And that got me considering things like evil spirits and demons and such.  In the bible we read of evil spirits that possess people, got hold of them, took them over, and controlled them.   These days, we appreciate that many of these biblical demons were likely to be situations of now medically treatable health conditions, like epilepsy, other kinds of disease, or serious mental health issues.  So today we can easily view this exorcism as a healing, and “Mark, more than any other Gospel writer, emphasized Jesus’ miraculous power to heal and to exorcise.  Of the eighteen miracles recorded in Mark, thirteen have to do with healing, and four of the thirteen are exorcisms.”[5]  Yet still, we’re not big on believing in demons these days. 

That started me on a train of thought about what evil is, and what things we need to be healed from.  Evil is the opposite of good, the opposite of God, and all that God is.  Evil leads us away from a life focused on God’s will and desire for us.  Like any good and loving parent wants for their child, we know our loving God, our creator wants what is good for us.  Know this, God by God’s own nature cannot wish or create bad or evil upon us.  It is not in God’s nature!  God is good, God is love!  And we know this because Jesus, God incarnate, came to earth and show us just precisely that, as Jesus’ healings clearly demonstrate.  Jesus overcame the evil of the world.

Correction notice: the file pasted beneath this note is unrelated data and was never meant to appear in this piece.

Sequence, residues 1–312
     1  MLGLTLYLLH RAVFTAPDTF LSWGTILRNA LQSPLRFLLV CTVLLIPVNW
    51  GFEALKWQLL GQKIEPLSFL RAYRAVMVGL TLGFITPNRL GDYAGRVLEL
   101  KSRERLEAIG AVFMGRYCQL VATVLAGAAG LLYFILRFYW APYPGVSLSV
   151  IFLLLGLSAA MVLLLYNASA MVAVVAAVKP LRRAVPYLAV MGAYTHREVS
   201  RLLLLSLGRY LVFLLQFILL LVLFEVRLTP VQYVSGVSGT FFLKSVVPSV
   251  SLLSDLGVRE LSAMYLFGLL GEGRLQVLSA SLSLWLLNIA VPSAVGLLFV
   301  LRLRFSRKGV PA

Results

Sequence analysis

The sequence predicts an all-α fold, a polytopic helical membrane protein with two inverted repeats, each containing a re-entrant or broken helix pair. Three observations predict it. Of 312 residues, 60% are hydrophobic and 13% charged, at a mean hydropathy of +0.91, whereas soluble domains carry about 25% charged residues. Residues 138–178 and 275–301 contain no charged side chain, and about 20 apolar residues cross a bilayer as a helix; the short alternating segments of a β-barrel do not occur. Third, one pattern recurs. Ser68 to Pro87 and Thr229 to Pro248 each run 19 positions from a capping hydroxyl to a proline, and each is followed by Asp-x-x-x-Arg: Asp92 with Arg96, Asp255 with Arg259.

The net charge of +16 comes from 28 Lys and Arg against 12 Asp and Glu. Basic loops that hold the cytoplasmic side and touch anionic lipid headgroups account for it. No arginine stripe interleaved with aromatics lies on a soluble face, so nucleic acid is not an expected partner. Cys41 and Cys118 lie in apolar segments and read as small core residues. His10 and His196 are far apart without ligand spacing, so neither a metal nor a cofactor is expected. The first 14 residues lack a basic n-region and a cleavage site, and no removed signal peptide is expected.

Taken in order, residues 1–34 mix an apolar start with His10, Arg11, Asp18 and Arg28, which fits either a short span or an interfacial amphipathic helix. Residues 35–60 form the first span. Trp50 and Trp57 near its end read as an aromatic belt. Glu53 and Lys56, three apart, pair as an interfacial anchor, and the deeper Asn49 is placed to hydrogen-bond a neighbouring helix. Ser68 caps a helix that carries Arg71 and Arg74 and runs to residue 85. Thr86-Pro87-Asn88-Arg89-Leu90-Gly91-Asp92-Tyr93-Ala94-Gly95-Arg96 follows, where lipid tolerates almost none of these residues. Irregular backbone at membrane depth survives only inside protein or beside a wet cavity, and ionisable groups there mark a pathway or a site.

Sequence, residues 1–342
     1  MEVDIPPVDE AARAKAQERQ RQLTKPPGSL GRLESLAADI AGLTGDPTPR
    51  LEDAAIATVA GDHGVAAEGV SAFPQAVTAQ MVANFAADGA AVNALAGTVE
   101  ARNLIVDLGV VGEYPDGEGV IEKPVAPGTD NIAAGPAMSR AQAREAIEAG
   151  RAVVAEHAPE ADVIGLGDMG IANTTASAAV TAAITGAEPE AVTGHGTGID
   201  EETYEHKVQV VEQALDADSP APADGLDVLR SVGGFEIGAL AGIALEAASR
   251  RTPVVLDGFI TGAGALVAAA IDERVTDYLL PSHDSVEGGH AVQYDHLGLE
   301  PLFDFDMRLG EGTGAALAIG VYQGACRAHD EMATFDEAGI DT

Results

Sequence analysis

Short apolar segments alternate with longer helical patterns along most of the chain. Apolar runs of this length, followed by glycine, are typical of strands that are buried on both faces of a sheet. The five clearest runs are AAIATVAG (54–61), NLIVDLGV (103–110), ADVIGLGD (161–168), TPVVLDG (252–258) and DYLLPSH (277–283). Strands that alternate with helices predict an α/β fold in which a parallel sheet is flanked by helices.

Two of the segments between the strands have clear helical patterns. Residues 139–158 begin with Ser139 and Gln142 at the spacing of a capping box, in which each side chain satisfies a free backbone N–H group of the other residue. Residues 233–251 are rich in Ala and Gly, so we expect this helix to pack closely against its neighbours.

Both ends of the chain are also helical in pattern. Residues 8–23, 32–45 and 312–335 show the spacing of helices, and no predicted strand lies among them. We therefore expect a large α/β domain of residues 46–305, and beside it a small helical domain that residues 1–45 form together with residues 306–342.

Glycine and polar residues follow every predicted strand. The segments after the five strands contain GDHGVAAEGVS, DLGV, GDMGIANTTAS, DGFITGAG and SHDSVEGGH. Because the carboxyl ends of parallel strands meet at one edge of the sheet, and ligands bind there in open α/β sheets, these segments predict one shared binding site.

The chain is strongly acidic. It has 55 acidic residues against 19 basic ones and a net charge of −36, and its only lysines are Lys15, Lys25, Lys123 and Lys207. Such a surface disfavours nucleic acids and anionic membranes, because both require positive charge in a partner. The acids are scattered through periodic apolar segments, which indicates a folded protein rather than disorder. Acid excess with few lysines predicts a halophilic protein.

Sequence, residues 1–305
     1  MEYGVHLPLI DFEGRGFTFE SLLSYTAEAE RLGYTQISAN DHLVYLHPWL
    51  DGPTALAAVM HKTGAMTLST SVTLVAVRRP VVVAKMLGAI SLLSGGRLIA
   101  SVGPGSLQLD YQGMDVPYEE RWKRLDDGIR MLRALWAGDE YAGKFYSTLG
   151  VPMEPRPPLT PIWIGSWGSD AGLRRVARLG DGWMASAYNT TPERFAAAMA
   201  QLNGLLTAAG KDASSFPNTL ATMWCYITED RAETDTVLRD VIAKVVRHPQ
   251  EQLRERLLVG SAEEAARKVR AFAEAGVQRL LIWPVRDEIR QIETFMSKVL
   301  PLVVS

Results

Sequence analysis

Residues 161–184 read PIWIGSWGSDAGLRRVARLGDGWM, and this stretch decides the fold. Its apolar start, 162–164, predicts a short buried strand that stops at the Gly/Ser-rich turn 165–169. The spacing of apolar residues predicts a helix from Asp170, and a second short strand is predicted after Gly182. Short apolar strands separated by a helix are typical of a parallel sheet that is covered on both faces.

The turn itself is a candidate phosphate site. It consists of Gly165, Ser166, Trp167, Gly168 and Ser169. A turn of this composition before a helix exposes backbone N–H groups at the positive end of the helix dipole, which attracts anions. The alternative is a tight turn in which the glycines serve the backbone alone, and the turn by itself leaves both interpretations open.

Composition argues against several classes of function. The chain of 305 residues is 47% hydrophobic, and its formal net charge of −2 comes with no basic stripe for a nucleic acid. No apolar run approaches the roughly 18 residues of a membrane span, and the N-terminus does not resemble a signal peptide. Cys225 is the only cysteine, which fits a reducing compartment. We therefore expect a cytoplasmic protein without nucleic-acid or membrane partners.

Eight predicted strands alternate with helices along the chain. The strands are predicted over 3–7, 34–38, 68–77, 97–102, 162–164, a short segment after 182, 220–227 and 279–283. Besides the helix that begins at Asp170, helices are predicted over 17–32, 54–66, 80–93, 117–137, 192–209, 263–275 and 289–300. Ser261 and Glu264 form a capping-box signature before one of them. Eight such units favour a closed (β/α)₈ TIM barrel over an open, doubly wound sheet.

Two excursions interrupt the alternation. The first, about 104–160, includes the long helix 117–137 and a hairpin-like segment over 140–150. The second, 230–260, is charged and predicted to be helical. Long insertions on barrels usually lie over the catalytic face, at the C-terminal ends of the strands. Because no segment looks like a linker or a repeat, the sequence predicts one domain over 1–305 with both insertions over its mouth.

Evil has many faces and many levels.  It can be insidious, it starts small and grows. Like that first cigarette or joint or pill that leads to addiction. I have heard cancer called an evil monster, the very definition of demon! And could we go so far as to call Covid 19 evil?  There are social evils and demons in our world.  Consider the hurt and pain humanity has caused over the millennia by the belief by some that they are superior to others—and it’s still going on; one person or group of people dominating and subjugating another to their demands and will, controlling by force. 

  The bible is full of stories of war, of greed and power struggles that hurt and damage so many others.   Greed and a desire for power are evil forces, to be sure, that continue to malign, oppress, control and damage God’s people, God’s creation.   This is not what God wants for us.  This is not how what God’s kingdom is all about!